Creditors cannot attempt to collect on debts owed to them after you file for bankruptcy protection. Furthermore, creditors who attempt to collect debts after a bankruptcy has been filed can be and often are severely punished by the bankruptcy courts.
The reason creditors cannot continue debt collection efforts is because of the Bankruptcy Code’s “automatic stay.” The automatic stay is a statutory provision that activates IMMEDIATELY upon the filing of a bankruptcy petition. No action is necessary by the debtor or the debtor’s bankruptcy attorney. The automatic stay states that all creditors must stop ANY and ALL efforts to collect on debts that have become part of the bankruptcy. This includes ceasing debt collection letters, stopping harassing phone calls and text messages and withdrawing all lawsuits and garnishments. Creditors cannot claim ignorance since all creditors listed on a bankruptcy petition receive a notice from the bankruptcy court informing them of the bankruptcy and that the automatic stay prevents any continued effort to collect on debts owed.
What Should You Do?
If creditors attempt to collect on debts after you have filed your bankruptcy, the first step is to immediately notify your bankruptcy attorney. Your attorney will then notify the court of the creditor’s violation of the Bankruptcy Code. Your attorney will also send notice to the creditor. Sometimes, that alone is sufficient to cause the creditor to stop violating the automatic stay. If efforts to collect cease, then, often, bankruptcy judges will consider the collection efforts to have been mistaken or inadvertent and no punishment will be issued for violation of the automatic stay.
However, if after notice, a creditor continues collection efforts, then the creditors actions have moved into the “zone” of willful violation of the automatic stay. When the automatic stay is WILLFULLY violated, then courts become serious about punishing creditors (and, sometimes, the attorneys for the creditor too).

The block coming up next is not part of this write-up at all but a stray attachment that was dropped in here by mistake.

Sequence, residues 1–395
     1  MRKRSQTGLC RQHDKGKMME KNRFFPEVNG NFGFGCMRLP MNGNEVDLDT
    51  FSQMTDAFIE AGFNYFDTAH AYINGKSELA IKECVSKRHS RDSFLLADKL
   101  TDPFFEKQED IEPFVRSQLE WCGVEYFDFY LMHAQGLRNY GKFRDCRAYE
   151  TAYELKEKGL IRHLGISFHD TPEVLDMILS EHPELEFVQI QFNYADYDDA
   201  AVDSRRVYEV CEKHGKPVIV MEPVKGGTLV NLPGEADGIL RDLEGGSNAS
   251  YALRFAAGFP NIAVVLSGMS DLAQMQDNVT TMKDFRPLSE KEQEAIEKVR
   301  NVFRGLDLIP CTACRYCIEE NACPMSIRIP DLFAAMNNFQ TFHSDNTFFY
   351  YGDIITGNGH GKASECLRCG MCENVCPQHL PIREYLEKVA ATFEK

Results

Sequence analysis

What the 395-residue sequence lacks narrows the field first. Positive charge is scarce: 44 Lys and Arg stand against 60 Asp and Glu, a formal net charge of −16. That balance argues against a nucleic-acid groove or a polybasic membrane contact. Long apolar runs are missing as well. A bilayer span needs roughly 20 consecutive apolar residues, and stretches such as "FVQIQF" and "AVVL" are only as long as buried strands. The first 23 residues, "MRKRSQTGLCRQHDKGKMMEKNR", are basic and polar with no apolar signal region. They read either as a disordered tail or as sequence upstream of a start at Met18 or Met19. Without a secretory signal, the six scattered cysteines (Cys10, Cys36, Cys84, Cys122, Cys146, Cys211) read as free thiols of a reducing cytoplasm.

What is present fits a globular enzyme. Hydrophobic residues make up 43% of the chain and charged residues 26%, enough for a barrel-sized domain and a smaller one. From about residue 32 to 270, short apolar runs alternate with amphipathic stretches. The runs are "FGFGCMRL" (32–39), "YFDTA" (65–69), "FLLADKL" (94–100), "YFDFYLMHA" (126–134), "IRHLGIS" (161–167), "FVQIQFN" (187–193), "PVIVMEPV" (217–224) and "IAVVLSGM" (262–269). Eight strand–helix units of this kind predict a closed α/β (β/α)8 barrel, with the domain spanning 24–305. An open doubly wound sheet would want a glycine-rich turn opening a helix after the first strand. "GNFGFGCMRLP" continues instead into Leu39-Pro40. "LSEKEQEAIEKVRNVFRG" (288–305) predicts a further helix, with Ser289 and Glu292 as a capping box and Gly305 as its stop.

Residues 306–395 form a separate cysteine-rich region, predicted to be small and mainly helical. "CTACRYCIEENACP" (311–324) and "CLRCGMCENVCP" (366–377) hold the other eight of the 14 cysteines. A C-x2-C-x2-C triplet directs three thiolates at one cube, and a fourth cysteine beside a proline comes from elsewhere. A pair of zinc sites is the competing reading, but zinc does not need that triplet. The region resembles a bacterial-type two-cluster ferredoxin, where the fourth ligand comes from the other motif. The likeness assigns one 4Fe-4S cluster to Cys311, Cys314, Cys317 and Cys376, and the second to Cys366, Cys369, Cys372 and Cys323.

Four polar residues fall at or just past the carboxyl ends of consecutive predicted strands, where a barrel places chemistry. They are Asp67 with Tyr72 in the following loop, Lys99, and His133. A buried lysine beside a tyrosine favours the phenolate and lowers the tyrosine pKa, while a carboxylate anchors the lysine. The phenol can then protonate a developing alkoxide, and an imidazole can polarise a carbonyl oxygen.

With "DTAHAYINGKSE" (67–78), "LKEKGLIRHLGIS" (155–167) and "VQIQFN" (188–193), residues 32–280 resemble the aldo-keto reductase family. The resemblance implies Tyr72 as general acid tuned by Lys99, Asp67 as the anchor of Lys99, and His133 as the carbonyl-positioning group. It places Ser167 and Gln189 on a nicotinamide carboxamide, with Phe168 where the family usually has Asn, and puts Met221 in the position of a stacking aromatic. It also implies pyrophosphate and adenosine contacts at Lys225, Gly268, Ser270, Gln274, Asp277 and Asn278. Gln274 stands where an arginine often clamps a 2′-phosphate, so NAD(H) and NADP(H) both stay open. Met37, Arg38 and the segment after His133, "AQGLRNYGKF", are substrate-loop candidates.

A case in point is In re LeGrand, Debtor, Case No. 19-21198-C-7, 612 B.R. 604 (US Bankr. E.D. Cal. 2020). In that case, a creditor called Cavalry SPV I, LLC (“Cavalry”) obtained a $20,791.07 money judgment against Dumace LeGrand here in our California state courts. On February 5, 2019, the attorneys for Cavalry obtained a wage garnishment order allowing Cavalry to deduct about $850 a month from LeGrand’s paychecks. On February 28, 2019, LaGrand filed for bankruptcy.
Because of the automatic stay, the wage garnishments should have stopped immediately. Cavalry’s attorneys should have informed the California state court of the bankruptcy and notified the employer that no further garnishments should be taken.
However, the attorneys did NOT inform the California court or take any steps to stop the garnishments. As the court described the facts in LeGrand, the attorneys merely “closed their file.” LeGrand’s employer honored the wage garnishments twice while LeGrand’s bankruptcy was pending and then several times after discharge. The wage garnishment was not terminated until July 29, 2019.
LeGrand’s attorneys brought the matter to the attention of the court. The court ruled that Cavalry’s attorneys had WILLFULLY violated the automatic stay. The court punished them with contempt of court and ordered them to pay several categories of damages. First, the court awarded LeGrand $5,500 for his attorneys’ fees. Second, LeGrand was given restitution of amounts that were unlawfully garnished which was about $750. Then LeGrand was awarded $3,500 in actual damage for his emotional distress. Finally, and most significantly, given the willfulness of the Cavalry’s behavior and the behavior of its attorneys, the court awarded $25,000 in punitive damages as punishment. The court further held that Cavalry and its lawyers were jointly and severally liable for the judgment in favor of LeGrand. As can be seen, when a creditor violates the automatic stay, punishments can be severe.
Contact Our Experienced Bankruptcy Attorneys Today
For more information or if you think it may be time to file for bankruptcy, contact the Bankruptcy Law Center today. We have the experienced bankruptcy attorneys you need to help evaluate your options. Use our Contact Page or call us at (800) 718-9688 to schedule a consultation.